My sister and I sobbed and wept for a long time that night and that was the night that really changed my life – I would become what I am today through education, dint of hard work, and obviously with God’s help. I was more determined never to let my father down but more importantly to reward my sister whose opportunity to learn a trade did not materialize. I would spare you all the details from that night until her unfortunate and painful death in December 2000 while I was studying for my master’s degree far away in Tanzania. But I am always convinced that if our dad could afford to support both of us, my sister would probably be alive today because she wouldn’t have made some decisions and bad choices. She left me (and my family) with three beautiful girls who, with God’s help, we have been able to support. Last year, the oldest earned her bachelor’s degree in education from the University of Cape Coast, Ghana, and is now a teacher.
As you reflect on my story, now you understand why I said earlier on that I believe in education and more importantly why I would like to help other kids to, at least, have a chance to succeed. Please know that there are many kids out there today who come from poorer families, perhaps with no mom or dad, and are facing more difficult challenges than my sister and I did. Sadly, I had a chance to succeed at the expense of my sister. So my pitch to you is:
Give Back Africa Foundation has come out with a mission, goals and programs to address many of the issues the kids in underprivileged communities are facing in Ghana and beyond. Please join us to reach as many of these communities and kids as possible, for our satisfaction should come from the impacts we make in others’ lives. Out of these efforts many little boys and girls would not tread on such path as my sister did. I strongly believe, through education, the majority will make informed decisions and better choices in life, there will be major accomplishments and achievements, and they will be responsible citizens leading a life that eluded my sister due to lack of funds to support her education. There will be many success stories you and I can be proud of. Thank you.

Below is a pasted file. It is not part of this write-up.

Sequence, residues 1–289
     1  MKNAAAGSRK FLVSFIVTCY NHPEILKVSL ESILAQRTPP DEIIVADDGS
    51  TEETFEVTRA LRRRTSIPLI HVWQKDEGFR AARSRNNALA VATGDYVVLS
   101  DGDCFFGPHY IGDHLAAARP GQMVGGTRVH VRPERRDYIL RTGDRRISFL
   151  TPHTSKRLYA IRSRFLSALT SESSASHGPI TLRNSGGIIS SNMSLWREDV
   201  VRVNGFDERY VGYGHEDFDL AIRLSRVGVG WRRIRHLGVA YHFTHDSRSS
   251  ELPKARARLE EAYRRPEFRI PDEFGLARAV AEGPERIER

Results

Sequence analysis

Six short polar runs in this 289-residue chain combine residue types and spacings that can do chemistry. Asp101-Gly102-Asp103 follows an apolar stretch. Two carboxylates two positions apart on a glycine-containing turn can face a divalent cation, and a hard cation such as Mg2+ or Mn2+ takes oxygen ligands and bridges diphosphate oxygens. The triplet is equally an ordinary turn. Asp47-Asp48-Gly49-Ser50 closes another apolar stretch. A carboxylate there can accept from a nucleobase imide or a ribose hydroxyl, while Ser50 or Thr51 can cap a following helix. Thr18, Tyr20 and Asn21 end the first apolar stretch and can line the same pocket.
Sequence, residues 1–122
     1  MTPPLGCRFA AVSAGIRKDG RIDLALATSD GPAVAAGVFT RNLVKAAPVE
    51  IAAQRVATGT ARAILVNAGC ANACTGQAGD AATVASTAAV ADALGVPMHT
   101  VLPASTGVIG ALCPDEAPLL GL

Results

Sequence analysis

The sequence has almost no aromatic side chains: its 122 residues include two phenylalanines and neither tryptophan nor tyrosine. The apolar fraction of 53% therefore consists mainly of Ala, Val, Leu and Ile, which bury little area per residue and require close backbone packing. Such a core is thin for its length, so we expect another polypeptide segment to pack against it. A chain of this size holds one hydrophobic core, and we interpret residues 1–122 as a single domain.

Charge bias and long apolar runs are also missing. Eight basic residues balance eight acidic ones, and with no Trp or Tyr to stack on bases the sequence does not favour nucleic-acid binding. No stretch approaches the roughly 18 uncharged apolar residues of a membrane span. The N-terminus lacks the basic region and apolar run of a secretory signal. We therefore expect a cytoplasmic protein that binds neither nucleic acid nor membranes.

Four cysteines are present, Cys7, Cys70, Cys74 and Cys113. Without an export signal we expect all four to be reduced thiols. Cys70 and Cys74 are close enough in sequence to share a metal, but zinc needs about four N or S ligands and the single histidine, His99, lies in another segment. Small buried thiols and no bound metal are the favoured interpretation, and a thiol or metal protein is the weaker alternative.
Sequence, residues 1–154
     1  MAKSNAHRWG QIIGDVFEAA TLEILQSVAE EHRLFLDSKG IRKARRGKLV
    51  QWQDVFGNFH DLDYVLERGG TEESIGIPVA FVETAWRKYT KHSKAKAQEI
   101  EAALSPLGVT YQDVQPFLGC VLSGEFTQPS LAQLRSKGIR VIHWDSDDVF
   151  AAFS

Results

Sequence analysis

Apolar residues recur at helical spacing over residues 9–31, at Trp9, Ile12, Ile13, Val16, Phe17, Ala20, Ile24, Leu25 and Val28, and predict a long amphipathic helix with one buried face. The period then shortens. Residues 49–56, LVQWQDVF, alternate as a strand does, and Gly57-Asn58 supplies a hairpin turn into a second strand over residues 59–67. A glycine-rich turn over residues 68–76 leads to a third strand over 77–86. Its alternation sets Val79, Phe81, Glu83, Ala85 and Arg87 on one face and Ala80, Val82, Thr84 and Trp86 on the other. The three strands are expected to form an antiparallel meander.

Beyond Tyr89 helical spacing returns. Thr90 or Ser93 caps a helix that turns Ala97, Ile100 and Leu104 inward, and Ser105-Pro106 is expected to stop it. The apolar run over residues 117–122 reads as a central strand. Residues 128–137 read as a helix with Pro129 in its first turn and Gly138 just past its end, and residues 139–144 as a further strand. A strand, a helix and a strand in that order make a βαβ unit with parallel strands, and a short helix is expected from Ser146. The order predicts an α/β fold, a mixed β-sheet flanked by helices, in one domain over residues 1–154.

Kirby Tells Why He’s Involved in This Mission
Joe and I started brainstorming on things we could do to help our communities in Ghana and other sub-Saharan African countries about two years ago. At that time, I did not know our life stories are very similar.
For me, what I remember sadly is that during my primary school days, my family and I lived in a village about 15 miles from Techiman in Ghana. The nearest school was 4 miles away. I walked to school every day, that’s 8 miles a day, sometimes through the rain. Anytime we went to town and I saw kids that had schools in their neighborhoods and did not have to go through what I and my little brother were going through, I asked why some kids were so lucky. Today, I consider myself blessed that I was able to come out from such a situation to be where I am. I go home often and I see kids still going through similar problems that existed during those days when I was a kid. Some kids do not have to walk 8 miles to school like I did; others have to, but the majority face diverse challenges.
While at University of Ghana, I wrote my final examination at the University Hospital. I was broken down by malaria and shivering likes a fish that had just come out of water. I thought I was going to die. I didn’t want to defer my graduation either so decided to write my examination at the hospital. I relied on several bottles of the energy drink Lucozade to give me some spirit to write the examination while on the hospital bed. I wrote the exam and passed and proceeded to get a masters and a PhD.
The majority of the children will not have their stories end this way, even though they may be smarter than I was. This hurts.
It’s for this reason that I joined with the volunteers that you will find on this website to form the non-profit organization called Give Back Africa Foundation. I invite you learn about our mission and goals and the many ways you can get involved.
We cannot solve all the problems in Africa but with one child at a time, one family at a time and one community at a time, we can make a difference
Please, if you know of individuals or organizations that might be able to support GBAF, recommend us to them or contact our board at firstname.lastname@example.org to discuss such contacts.
Thank you very much for your time and support.